My interest in missing things began with what I could see. For a long time, I have kept a small piece of paper taped to the bottom right corner of my desk. This paper comes and goes, at times becoming wrinkled, discolored by tea stains, or hidden under a stack of books. But it always serves the same purpose: listing the most eccentric datasets that I can find online.
Before the score and lyrics for the hit American musical Hamilton had been released, a group of obsessed fans created a shared document of every word in the show. This dataset made my list. In 2016, a Reddit user published a post with a link to where he had downloaded the metadata of every story ever published on fanfiction.net, a popular site for stories about fandoms. This, too, made the list.
Other things that have graced the list: the daily count of footballs produced by the Wilson Sporting Goods football factory in Ada, Iowa (4,000 as of 2008); an estimation of the number of hot dogs eaten by Americans on the Fourth of July every year (most recently: 150 million); the locations of every public toilet in Australia (of which there are more than 17,000).
Australian academic Mitchell Whitelaw defines data as measurements extracted from the flux of the real. When we typically think of collecting data, we think of big, important things: census information, UN data about health and diseases, data mined by large companies like Google, Amazon, or Facebook.
From this perspective Whitelaw’s definition of data is admirably concise and effective. With its clever use of the word extraction, it hints at the resource-driven nature of data collection. Like Shoshana Zuboff’s concept of surveillance capitalism, which describes our modern ascendance into a form of capitalism that monetizes data gathered through perfunctory surveillance, Whitelaw’s definition calls to mind corporate imaginings of data as a resource. In a capitalist society, it is always a smart business decision to collect data. A world collected is a world classified is a world rendered legible is a world made profitable.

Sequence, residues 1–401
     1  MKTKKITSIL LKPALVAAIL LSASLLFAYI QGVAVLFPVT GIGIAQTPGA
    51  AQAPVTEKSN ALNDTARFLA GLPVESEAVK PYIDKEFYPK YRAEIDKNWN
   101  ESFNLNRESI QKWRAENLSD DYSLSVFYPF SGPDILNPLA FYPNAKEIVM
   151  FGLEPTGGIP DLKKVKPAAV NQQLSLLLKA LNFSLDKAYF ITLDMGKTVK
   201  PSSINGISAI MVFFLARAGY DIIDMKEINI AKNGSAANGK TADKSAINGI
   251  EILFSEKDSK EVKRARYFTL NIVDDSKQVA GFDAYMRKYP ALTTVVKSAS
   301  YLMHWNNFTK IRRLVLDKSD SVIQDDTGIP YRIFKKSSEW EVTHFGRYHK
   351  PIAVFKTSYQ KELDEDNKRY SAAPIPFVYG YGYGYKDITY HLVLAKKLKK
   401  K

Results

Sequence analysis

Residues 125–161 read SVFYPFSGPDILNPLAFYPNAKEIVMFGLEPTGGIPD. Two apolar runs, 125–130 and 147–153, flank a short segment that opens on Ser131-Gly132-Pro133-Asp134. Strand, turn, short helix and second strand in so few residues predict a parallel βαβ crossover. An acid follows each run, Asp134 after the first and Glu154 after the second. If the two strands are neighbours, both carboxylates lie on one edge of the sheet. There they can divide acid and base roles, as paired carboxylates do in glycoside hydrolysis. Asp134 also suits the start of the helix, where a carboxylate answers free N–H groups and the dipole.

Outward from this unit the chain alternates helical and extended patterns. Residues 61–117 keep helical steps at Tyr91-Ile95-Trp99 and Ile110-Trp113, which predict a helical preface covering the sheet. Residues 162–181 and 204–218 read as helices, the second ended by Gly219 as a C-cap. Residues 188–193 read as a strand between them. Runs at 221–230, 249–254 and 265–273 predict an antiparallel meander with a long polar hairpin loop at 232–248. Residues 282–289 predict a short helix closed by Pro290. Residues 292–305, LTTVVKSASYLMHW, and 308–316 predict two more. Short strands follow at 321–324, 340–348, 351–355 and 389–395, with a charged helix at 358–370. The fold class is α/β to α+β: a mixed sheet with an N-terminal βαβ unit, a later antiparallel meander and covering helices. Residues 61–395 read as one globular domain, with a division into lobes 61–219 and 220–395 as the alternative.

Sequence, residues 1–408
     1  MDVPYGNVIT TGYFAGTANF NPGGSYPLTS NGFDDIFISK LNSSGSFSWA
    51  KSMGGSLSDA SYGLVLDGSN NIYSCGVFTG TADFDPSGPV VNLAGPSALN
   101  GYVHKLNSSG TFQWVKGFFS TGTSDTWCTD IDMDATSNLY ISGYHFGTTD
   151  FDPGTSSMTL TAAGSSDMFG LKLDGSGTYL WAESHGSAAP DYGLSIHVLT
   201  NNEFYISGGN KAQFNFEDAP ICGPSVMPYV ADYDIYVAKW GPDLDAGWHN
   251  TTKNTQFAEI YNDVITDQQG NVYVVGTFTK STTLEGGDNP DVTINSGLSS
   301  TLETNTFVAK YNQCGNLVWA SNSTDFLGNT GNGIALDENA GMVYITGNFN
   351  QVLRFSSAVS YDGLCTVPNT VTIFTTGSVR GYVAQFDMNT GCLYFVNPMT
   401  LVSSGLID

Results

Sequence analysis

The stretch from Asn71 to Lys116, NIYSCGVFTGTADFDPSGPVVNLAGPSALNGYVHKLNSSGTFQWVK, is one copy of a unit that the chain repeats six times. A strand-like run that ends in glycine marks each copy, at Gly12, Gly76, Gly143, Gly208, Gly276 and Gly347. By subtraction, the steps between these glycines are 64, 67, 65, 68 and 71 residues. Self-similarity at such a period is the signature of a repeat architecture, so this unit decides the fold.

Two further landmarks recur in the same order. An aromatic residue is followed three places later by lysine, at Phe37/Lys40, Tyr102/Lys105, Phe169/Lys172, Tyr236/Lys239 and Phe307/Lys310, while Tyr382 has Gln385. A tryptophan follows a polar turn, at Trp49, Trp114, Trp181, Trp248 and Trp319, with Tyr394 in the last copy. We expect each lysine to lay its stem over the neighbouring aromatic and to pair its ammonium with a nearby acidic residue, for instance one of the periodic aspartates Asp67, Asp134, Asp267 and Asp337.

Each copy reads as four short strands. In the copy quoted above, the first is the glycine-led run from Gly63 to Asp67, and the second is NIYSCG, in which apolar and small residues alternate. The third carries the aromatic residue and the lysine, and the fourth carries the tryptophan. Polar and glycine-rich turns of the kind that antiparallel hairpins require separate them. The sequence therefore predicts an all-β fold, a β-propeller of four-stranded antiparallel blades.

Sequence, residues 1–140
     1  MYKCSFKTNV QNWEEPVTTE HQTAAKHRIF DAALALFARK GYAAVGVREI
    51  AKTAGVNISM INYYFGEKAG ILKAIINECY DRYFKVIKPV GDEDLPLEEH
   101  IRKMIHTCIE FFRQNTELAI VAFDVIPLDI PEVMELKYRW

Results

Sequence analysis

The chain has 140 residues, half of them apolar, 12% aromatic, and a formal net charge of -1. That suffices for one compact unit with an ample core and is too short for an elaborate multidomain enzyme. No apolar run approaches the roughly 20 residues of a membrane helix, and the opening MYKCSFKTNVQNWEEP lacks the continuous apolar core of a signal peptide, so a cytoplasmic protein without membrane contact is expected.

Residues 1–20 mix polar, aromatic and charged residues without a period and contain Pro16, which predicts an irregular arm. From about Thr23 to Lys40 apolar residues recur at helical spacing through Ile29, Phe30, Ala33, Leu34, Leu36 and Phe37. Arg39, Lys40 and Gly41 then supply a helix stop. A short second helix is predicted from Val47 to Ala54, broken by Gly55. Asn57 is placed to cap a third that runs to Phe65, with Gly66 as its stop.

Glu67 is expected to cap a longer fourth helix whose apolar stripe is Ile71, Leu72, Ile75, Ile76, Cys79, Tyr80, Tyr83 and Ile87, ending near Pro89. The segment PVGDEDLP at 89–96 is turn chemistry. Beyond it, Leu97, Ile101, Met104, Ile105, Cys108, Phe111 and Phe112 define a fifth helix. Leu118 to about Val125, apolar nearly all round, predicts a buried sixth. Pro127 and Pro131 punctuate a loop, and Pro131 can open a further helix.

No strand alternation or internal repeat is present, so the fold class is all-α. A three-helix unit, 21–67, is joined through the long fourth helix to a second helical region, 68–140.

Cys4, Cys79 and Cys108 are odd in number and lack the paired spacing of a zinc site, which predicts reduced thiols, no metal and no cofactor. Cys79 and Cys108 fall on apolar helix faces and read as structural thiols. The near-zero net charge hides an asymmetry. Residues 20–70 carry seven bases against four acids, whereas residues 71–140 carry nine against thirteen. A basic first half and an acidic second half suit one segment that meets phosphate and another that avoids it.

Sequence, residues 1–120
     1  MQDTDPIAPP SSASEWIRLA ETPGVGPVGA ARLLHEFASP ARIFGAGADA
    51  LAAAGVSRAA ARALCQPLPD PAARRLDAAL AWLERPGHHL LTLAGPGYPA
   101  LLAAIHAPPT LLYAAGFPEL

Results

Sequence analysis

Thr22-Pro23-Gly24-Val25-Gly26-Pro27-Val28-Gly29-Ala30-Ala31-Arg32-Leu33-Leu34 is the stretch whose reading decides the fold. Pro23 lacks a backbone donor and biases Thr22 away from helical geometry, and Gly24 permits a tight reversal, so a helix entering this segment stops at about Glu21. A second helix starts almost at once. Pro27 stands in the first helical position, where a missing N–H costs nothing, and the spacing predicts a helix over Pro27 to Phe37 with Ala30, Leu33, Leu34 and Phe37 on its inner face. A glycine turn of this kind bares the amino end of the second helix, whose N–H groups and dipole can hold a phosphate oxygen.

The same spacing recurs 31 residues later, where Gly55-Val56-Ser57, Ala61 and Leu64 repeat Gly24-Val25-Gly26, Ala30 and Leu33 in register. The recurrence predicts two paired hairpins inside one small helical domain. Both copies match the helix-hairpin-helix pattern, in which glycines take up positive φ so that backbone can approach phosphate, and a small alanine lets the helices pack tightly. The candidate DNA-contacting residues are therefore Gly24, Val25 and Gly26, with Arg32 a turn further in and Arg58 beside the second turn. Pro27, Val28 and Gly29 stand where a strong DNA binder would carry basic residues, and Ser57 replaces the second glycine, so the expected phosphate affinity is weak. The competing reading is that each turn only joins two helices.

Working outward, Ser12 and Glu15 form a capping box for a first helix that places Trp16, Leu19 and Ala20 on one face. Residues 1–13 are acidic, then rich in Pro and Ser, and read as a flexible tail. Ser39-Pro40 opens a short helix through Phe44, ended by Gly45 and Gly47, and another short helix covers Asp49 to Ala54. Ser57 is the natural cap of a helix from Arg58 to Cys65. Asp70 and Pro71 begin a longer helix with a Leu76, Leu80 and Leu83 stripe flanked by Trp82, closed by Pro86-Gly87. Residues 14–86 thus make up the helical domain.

But when I glance at the list on my desk, it is not always easy to spot the direct line that connects the datasets to the concepts of resource extraction and omnipresent surveillance. While less conventional, those datasets are also vertices of quantification, facts extracted from surprising corners of reality. And so a simpler definition comes to mind.
Data: the things that we measure and care about.
This is the beauty I find in the list of odd data on my desk. If Whitelaw’s definition suggests a world that is pure source, a heap of raw material waiting to be cut up and structured into neat cells and Excel spreadsheets, then mine highlights the opposite: the fact that all datasets are created by people who have a stake in their creation.
The corollary is also true. If we wish to know more about what our societies, corporations, and communities value, we should simply look to what data is collected. The things we measure are the things we care about.
When I first began creating my list of weird data, I wasn’t sure why I was doing it. Idle curiosity seemed the most obvious reason, and fascination with novel forms of procrastination another.
But at some point, the answer became clear to me. When it did, I added an additional item to the piece of paper. This item was a quote, taken from an old conversation that I had had with a former colleague.
“Humans make sense of the world through exclusion.”
The quote came from John Fass, a fellow researcher from the Royal College of Art, whose work focused on design and interfaces. John and I had been talking in the empty canteen one day, when he offhandedly mentioned that he considered exclusion to be a crucial aspect of design.
The only way that humans were able to make sense of the world, he insisted, was by sifting through information and making decisions about what needed to be excluded at any given time. Narratives only work because of the many mundane details that are removed in the course of their telling. In a sense, all stories we tell ourselves are exercises in leaving things out.